S 3271 | Financial Reform Bill Summary Part 2

New York City Financial District buildings

The Senate Financial Reform Bill summary has a few major differences from the House bill. Image from Flickr.

The U.S. Senate is set to debate a Financial Reform Bill this week or next — finally. The House of Representatives passed HR 4173 in December (see a full Financial Reform Bill Summary in Part 1 | HR 4173), and the Senate will be taking up the issue soon. The Senate Financial Reform Bill Summary differs in some major ways from the House bill, and before any of the Financial Reform Bill summaries become law, they must be reconciled, approved again, and signed by the President. So how does the Financial Reform Bill Summary in the Senate differ in giving same day cash loans to financial companies from the House bill, and what will likely be included in the final Financial Reform Bill?

Financial Reform Bill Summary | S 3271

As of right now, S 3271, better known as the Restoring American Financial Stability Act of 2010, is in committee debate. Both the Senate Banking Committee and Senate Agriculture Committee (yes, agriculture) have the bill under debate right now, and when those bills emerge they must be melded. Harry Reid is expected to offer a compromise of some kind that will meld the two committee bills. If the amended version of S 3271 is approved by the Senate, the bill must be reconciled with HR 4173 before it becomes law.

S 3271 Financial Reform Bill Summary | Similarities to HR 4173

While the House and Senate Financial Reform Bill summaries do vary significantly, there are some similarities. Both financial reform bills ask Hedge funds and Private equity firms to register with the government and submit to oversight. Both bills give the Securities and Exchange Commission new authority, including regulatory powers. Shareholders are also given a non-binding advisory vote on executive compensation in both bills. Both financial reform bills also create a council to monitor financial risk in the economy. The government would also be able to seize and disassemble large failing companies, though the details of how are different.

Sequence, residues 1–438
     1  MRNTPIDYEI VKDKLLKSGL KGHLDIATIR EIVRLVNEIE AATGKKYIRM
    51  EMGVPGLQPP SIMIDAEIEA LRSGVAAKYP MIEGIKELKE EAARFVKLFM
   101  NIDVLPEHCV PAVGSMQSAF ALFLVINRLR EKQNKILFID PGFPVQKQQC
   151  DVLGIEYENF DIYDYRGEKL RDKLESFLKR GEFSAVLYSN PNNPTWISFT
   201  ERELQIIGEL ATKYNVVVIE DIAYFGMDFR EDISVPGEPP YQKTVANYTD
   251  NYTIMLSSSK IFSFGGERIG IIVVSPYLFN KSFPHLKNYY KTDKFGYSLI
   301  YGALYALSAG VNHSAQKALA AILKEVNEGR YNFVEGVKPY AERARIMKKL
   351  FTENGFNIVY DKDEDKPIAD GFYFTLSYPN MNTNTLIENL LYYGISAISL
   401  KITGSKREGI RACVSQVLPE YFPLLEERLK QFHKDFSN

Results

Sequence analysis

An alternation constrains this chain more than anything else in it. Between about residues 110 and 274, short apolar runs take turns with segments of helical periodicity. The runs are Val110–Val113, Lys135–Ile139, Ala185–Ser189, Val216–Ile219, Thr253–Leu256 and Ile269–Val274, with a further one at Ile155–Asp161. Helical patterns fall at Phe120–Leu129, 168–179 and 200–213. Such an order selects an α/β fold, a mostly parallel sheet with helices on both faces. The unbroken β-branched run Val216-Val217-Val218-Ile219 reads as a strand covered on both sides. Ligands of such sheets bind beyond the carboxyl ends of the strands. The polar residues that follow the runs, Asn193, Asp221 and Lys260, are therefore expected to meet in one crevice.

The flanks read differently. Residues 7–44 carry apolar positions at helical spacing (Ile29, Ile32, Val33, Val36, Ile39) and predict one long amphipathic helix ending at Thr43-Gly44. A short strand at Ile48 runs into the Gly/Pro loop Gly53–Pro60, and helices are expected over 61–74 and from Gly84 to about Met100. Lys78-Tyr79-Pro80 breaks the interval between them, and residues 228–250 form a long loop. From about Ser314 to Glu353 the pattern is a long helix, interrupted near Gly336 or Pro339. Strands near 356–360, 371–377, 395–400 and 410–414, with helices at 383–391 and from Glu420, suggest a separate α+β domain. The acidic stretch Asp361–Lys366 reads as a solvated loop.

S 3271 Summary | Financial Reform Bill Consumer Protections

The consumer protections in S 3271 would be mostly built into the Federal Reserve. A division within the Federal Reserve would be charged with writing and enforcing new rules about financial products like payday loans no fax, mortgages, and credit cards.

Financial Reform Bill Summary | Bank regulation

The Federal Reserve, in addition to being held responsible for consumer protection, would also oversee any bank that has more than $50 billion in assets as well as some “non-bank lenders” – like mortgage companies. A Federal Reserve regulator would be able to force a bank to either reduce risk or stop risky financial transactions.

Financial Reform Bill S 3271 Summary | Too Big To Fail

While both the House and Senate bills have a provision allowing the government to break up failing financial companies, the Senate bill includes a funding provision. Large financial companies would be required to pay into a $50 billion FDIC-like fund that would finance the dissolution of failing firms.

S 3271 Financial Reform Bill | Derivative Regulation

Like the House bill, the Senate bill aims to regulate derivative products. The exact way derivatives will be subjected to oversight is under intense debate right now, and last-minute political maneuvering well most likely change the original writing of the bill.

This is a summary of the Senate bill 3271 – Restoring American Financial Stability Act of 2010. If this bill passes the Senate, it must be reconciled with HR 4173, Wall Street Reform and Consumer Protection Act. In the end, the Financial Reform Bill Summary will most likely include the major provisions of both of these bills, though the details of regulation and financial reform could differ greatly.

Sources:

Reuters
Daily Finance
OpenCongress.org
Wall St Journal

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